Redistricting lawsuits have thrown the official start of the 2012 election season in Texas into doubt.
Both the Texas Republican and Democratic parties have set Nov. 12 as the start of their one-month period to allow candidates to file for next year's primary ballot.
Federal judges in Washington, D.C., and San Antonio are considering allegations that the redistricting plans were designed to reduce the voting power of minorities. A hearing in the case is set for today in San Antonio.
Candidates and political observers reached by the Star-Telegram last week said a court may delay the filing period because of uncertainty over what maps will be used next year. Redistricting issues have prompted the federal government to fiddle with Texas' primary filing schedule in the past, including in 1982, according to the Texas Legislative Council.
State law requires a 30-day filing period for the primary, according to the Texas Secretary of State. Some have speculated that a court might allow for the filing period to be shorter.
"The filing period might be compressed by the San Antonio court, especially if a timely ruling on preclearance is not achieved from the Washington court," said Chris Elam, spokesman for the Texas Republican Party. "Regardless, the Republican Party of Texas stands ready to operate under whatever schedule the court mandates."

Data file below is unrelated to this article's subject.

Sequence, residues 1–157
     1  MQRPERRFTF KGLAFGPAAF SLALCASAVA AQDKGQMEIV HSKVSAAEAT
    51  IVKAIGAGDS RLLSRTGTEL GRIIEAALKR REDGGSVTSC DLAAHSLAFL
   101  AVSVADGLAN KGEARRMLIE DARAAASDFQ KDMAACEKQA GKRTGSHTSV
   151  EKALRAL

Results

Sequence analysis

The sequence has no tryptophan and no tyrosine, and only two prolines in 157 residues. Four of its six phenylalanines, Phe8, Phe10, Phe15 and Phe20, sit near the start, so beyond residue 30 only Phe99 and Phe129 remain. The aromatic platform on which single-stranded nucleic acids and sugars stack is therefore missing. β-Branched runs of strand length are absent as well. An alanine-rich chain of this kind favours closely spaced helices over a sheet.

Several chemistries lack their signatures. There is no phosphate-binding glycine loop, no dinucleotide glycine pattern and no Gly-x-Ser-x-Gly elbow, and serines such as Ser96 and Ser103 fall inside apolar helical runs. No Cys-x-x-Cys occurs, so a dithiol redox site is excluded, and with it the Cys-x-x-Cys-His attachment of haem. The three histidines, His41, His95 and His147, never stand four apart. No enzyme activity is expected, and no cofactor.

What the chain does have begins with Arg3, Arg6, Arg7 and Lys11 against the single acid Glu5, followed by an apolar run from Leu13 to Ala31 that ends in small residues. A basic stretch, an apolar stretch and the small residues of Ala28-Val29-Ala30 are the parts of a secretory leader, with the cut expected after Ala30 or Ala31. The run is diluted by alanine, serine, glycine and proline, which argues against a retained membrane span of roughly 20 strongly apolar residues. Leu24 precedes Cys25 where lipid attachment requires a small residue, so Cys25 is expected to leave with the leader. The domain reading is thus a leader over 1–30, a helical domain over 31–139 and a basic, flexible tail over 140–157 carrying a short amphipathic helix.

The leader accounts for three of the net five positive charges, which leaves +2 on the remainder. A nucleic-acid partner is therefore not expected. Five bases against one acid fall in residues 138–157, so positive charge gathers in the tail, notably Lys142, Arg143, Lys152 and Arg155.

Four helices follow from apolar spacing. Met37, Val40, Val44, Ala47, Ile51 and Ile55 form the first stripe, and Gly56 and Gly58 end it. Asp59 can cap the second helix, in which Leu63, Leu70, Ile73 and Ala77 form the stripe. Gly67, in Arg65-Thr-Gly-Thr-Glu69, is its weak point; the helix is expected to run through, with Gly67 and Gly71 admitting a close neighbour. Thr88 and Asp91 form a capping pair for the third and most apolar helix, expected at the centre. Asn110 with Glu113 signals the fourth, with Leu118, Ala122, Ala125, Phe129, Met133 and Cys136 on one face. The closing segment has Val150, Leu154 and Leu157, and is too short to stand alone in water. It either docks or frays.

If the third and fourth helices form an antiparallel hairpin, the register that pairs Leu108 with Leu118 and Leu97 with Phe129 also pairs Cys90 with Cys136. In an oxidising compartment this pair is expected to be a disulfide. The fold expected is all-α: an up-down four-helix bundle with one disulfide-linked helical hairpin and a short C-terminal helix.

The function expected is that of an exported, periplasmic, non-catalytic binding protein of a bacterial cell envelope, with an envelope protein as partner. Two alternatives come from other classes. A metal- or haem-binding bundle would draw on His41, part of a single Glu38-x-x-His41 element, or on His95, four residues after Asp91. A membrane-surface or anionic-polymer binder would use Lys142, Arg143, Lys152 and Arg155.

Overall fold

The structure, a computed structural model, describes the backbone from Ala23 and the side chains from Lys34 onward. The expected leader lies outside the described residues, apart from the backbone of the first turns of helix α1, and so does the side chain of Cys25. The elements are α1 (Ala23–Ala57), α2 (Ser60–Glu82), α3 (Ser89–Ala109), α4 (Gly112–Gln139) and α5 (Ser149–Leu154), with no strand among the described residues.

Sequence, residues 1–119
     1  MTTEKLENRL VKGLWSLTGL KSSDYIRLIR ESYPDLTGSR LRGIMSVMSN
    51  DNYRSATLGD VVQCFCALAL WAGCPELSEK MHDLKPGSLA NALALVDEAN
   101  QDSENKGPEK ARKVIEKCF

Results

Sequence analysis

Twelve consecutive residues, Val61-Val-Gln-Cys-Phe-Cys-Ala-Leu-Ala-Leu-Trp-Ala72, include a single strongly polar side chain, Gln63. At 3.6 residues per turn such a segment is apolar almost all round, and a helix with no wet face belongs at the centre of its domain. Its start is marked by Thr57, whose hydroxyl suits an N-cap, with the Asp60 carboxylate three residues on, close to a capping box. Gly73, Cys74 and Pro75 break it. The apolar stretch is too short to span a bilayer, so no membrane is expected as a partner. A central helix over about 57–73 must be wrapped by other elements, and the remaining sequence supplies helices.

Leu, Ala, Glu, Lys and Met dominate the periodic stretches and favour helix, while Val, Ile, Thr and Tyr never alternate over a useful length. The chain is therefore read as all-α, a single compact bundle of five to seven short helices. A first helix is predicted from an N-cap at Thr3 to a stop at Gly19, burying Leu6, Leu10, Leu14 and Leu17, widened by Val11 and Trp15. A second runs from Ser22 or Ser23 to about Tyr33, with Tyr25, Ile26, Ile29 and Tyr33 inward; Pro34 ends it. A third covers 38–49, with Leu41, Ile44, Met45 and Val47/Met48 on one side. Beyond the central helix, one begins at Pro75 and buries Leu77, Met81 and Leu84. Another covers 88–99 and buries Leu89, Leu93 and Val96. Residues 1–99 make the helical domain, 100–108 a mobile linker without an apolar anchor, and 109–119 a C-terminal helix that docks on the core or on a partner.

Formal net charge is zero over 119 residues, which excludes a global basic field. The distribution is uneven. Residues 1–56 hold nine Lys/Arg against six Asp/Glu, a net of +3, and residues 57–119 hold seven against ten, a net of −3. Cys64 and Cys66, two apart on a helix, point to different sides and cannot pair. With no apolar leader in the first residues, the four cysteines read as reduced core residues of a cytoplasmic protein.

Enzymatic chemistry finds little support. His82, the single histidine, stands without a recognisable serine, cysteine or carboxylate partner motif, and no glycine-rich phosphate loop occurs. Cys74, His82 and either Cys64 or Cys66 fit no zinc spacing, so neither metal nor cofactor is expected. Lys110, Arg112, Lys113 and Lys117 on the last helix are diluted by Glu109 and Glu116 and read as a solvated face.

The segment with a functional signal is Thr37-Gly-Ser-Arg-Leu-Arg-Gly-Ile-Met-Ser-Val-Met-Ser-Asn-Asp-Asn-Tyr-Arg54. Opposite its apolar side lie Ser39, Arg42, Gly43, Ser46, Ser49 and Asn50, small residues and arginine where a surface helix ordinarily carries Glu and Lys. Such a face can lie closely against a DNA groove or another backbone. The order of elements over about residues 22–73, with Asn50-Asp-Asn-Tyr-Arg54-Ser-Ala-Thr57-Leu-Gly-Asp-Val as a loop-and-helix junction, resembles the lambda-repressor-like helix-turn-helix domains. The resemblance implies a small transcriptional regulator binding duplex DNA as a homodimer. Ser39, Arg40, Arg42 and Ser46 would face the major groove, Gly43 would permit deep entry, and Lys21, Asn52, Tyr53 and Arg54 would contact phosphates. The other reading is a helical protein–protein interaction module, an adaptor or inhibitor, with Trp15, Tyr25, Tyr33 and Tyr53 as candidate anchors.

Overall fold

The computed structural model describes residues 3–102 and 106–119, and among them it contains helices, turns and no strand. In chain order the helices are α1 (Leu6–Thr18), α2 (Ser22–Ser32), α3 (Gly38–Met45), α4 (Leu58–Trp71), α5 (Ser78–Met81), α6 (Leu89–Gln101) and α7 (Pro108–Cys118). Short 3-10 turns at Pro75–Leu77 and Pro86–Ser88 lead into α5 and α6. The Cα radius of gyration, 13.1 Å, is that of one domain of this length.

Steve Bickerstaff, an adjunct professor at the University of Texas Law School and a redistricting expert, said he expects the Washington, D.C. court to deliver rulings on all the state's maps later this month. He said he sees circumstances under which the courts would alter the filing period, the most likely one being that the D.C. court doesn't clear one or more of the state's maps.
"If there is an objection, the filing deadline will definitely be extended," Bickerstaff said.
Extending the filing deadline could prove problematic as state election officials have said they will barely have enough time to prepare for the primary under the current schedule.